October 16, 2017

Great Horned Owl #17-0363 has been cleared for release by the veterinary team; the owlet will be released at James Madison’s Montpelier in Orange County on Tuesday, October 17 at 6:15 p.m. The release is open to the public; those attending are asked to RSVP to Those planning on attending the release should enter through the main gate on Route 20 [Constitution Highway] and follow signs to the Visitor Center.

October 15, 2017

On September 30, a juvenile female bobcat was hit by a vehicle while crossing Route 33 in Rockingham County, Virginia. The bobcat was captured and transported to the Wildlife Center, where Dr. Monica, one of the Center’s veterinary interns, examined the bobcat.

October 13, 2017

During the past month, the rehabilitation staff ceased daily bottle feeding for the deer fawns and transitioned them to a diet of only browse and fruit. By early October, the fawns were well adjusted to their diet and were old enough to be released back to the wild.

With a small herd of five deer, the round-up of fawns went quickly and smoothly on the morning of October 7. A small team of people corralled the deer, and each fawn was grabbed so its ear tags could be removed and it could be carried to the horse trailer that would transport them to the release location.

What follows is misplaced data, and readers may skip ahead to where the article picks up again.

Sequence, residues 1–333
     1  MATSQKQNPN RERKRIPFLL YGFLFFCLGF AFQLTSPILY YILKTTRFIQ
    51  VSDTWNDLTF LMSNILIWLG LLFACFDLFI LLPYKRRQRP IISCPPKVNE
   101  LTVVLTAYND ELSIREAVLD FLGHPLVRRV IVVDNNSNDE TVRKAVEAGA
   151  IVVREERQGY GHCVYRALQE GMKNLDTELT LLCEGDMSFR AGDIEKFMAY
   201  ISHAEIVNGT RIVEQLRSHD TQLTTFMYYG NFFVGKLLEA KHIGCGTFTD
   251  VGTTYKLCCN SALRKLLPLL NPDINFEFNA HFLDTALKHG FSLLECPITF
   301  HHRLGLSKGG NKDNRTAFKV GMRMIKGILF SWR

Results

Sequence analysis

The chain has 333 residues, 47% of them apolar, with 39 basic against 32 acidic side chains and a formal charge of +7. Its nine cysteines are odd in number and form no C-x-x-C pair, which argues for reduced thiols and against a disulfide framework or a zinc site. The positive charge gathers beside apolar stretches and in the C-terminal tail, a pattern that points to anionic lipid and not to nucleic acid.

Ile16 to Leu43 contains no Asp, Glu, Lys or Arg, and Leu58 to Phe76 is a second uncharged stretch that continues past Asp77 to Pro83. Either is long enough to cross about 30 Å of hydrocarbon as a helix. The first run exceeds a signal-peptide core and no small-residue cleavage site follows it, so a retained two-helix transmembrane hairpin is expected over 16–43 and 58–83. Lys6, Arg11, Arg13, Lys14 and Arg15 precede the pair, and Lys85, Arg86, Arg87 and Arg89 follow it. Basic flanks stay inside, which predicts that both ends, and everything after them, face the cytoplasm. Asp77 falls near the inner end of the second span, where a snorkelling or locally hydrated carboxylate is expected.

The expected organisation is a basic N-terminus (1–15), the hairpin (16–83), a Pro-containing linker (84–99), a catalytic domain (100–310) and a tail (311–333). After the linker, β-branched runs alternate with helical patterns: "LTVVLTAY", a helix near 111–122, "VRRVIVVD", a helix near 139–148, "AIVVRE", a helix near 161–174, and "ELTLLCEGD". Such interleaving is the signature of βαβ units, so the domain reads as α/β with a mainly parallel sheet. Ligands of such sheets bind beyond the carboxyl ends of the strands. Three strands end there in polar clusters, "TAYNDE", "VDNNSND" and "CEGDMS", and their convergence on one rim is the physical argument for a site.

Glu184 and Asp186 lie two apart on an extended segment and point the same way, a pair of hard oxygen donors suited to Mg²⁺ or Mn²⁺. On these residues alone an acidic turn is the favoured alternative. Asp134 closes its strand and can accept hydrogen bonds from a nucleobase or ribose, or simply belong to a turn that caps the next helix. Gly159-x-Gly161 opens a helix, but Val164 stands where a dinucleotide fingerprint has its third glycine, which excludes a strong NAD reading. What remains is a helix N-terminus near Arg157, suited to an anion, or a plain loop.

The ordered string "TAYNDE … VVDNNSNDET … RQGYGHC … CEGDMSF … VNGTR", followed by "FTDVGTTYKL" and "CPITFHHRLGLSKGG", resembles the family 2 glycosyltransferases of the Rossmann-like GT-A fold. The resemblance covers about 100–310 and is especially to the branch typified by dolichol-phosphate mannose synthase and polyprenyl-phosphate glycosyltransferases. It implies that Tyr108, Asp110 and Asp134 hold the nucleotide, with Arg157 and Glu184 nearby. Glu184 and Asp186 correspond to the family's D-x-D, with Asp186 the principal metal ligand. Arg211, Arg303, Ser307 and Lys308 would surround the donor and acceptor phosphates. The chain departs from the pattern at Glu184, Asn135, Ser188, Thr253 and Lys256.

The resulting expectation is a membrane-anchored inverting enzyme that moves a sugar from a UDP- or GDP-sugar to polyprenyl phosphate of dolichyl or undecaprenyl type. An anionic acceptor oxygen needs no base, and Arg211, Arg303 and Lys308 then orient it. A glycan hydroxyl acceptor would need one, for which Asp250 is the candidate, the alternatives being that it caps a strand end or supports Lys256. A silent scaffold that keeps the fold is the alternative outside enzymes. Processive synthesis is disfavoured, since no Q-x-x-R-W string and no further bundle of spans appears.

October 12, 2017

Great Horned Owlets #17-1135 and 17-0885 both had their pre-release blood work done earlier this week; both received clearance for release from the veterinary team!

On Wednesday, October 11, the owls were picked up by a volunteer transporter and were taken back to the Eastern Shore of Virginia. Prior to their departure, wildlife rehabilitator Brie banded the two owlets, and also sharpened their talons and beaks to help them be effective hunters. After five months of rehabilitation, the staff is happy to send these birds back to the wild!

October 12, 2017

A necropsy on Black Bear cub #17-1180, conducted by an outside laboratory, confirmed that the cub had cerebellar hypoplasia, a neurological condition in which the part of the brain that coordinates muscular activity is smaller than usual or not completely developed. This explains the consistent neurologic symptoms the Wildlife Center staff noted. This issue can be congenital or viral; in this bear’s case, results did not indicate which caused the condition.